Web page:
Kaua‘i Island Utility Cooperative has never engaged its members to the extent it has recently. Unfortunately, misconceptions and misinformation from both sides has convoluted the dialogue.
It has been exciting and frustrating for those who have been actively involved in trying to understand what’s going on.
Our co-op still has some learning to do regarding how to become a more open and democratic entity, which will be very important as they move forward on hydropower — either with or without the Federal Energy Regulatory Commission process.
Irregardless of the outcome of the member vote, I hope that the level of engagement from both the Board of Directors and the membership remains high.
For hydropower or any other alternative energy generation method to be a viable, co-op members need to have their concerns heard and addressed by the Board better than they have in the past month.
The Board has held the required general meeting and has followed through on the voting process, as required through the petition process, but has done so per bylaw requirements rather than in the spirit of education and member engagement. It’s a lost opportunity.
Community-led meetings organized by neighborhood and special interest groups have been much more effective at embracing a democratic dialogue, which is what KIUC should have been striving for in their meetings on behalf of its members. The Board needs to build trust within its membership so that members will feel as though they are truly being represented.
CEO David Bissell has said that KIUC will continue to engage the community. Hopefully, this will be done in the spirit of cooperation and not just as a means of checking a box to indicate the requirement was satisfied.
Members’ input and participation needs to stay at a high level as we move forward. A concern that could soon be put in front of us is the potential for the co-op to revisit the need for an additional combustion generator.
Our electrical demand has begun to increase over the past months. If some of the proposed alternative energy generation projects do not come on line in a timely fashion, KIUC could feel the need to follow through on their already-approved work plan, which includes $69 million of your money for the Gen-X combustion generator. This is not something we should let happen.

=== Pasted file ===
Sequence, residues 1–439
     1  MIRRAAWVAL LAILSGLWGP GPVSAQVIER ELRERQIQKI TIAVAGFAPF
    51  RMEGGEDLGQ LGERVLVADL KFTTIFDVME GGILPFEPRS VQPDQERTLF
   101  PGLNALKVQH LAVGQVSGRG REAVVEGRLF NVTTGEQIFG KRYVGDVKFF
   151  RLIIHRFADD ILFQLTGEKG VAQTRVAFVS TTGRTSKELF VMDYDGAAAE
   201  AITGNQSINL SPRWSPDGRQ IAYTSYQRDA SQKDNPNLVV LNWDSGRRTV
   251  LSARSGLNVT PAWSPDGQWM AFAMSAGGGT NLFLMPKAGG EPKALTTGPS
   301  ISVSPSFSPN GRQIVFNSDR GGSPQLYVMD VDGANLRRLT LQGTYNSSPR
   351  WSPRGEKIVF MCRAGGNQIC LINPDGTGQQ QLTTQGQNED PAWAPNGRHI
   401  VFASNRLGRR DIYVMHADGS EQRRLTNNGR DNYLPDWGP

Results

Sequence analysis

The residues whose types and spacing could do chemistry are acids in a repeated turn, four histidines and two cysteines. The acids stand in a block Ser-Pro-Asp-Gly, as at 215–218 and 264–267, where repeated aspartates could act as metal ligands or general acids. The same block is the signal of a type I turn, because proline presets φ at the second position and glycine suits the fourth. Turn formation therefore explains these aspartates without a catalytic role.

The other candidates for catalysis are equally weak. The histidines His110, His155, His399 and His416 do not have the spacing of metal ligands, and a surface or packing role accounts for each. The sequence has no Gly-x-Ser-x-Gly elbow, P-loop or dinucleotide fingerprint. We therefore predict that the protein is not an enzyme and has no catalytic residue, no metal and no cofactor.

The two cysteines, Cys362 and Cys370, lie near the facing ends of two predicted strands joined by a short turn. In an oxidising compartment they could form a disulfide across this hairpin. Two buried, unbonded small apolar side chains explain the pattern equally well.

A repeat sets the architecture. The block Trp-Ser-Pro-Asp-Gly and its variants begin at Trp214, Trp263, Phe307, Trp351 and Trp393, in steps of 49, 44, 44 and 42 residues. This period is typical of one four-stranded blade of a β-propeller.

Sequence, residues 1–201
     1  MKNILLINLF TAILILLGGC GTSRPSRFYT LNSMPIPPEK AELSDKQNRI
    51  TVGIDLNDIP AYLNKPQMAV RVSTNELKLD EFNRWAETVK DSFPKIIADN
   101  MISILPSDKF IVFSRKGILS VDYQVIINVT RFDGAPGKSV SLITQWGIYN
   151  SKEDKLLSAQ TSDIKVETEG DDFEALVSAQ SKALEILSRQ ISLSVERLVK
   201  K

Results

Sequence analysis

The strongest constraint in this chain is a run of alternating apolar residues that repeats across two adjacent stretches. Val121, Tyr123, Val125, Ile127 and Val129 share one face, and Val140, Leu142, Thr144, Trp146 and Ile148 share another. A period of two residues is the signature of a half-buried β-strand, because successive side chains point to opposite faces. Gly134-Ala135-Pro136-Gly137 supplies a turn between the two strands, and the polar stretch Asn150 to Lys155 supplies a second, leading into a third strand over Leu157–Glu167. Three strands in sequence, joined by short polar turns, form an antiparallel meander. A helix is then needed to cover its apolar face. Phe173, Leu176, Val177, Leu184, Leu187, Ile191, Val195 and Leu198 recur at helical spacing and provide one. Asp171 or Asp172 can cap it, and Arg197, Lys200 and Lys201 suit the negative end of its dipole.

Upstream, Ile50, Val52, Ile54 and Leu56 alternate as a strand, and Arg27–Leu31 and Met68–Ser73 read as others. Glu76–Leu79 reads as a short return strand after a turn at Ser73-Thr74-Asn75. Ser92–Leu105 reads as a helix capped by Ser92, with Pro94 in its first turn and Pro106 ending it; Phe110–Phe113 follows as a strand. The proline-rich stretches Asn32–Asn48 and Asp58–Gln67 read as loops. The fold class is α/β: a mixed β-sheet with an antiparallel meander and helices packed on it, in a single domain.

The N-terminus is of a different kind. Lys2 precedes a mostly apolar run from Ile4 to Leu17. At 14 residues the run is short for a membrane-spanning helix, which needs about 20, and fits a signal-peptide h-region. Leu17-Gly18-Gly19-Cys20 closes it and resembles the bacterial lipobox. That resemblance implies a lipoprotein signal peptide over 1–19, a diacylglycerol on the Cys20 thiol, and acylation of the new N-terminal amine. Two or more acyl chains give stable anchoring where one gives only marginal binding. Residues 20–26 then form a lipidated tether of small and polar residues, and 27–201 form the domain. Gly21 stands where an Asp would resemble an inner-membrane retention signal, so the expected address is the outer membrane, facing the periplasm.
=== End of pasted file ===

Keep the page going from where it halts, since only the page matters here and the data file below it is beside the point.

We all need to take a serious look at our electrical usage to determine where we can make changes. KIUC has some programs that can assist in helping us reduce our demand, but they can do more.
The board approved a motion for staff to look into a consumer-based information system to help its members understand their electrical usage called O-Power. Where is it?
KIUC has received funds to install “Smart Meters” on every home. The meters provide real-time usage information and would allow KIUC to reduce peak demand through an innovative pricing structure. When do we get these new meters and the interface to educate ourselves more?
Imagine how far along we could be on these initiatives if KIUC devoted the same amount of time and resources toward lowering consumer electrical demand as they have toward defending the Board’s decision regarding hydropower. We would all be saving money rather than paying for a public relations campaign.
While hydropower, wind power and other alternatives may someday lower our per-kilowatt charge, that is not enough. We need to look to the future and take control where we can. On the Garden Island and throughout the world, we will not be able to sustain the energy usage to which have become accustomed. Our earth is changing. We will need to adjust accordingly to survive and prosper.
KIUC needs to change and adapt, if they are to be an effective institution as we go forward. A different business model is desperately needed to align the community’s needs with the services KIUC could provide. As members, we need to help our co-op embrace a future that can benefit all of us lucky enough to call Kaua‘i home. We need to stay involved.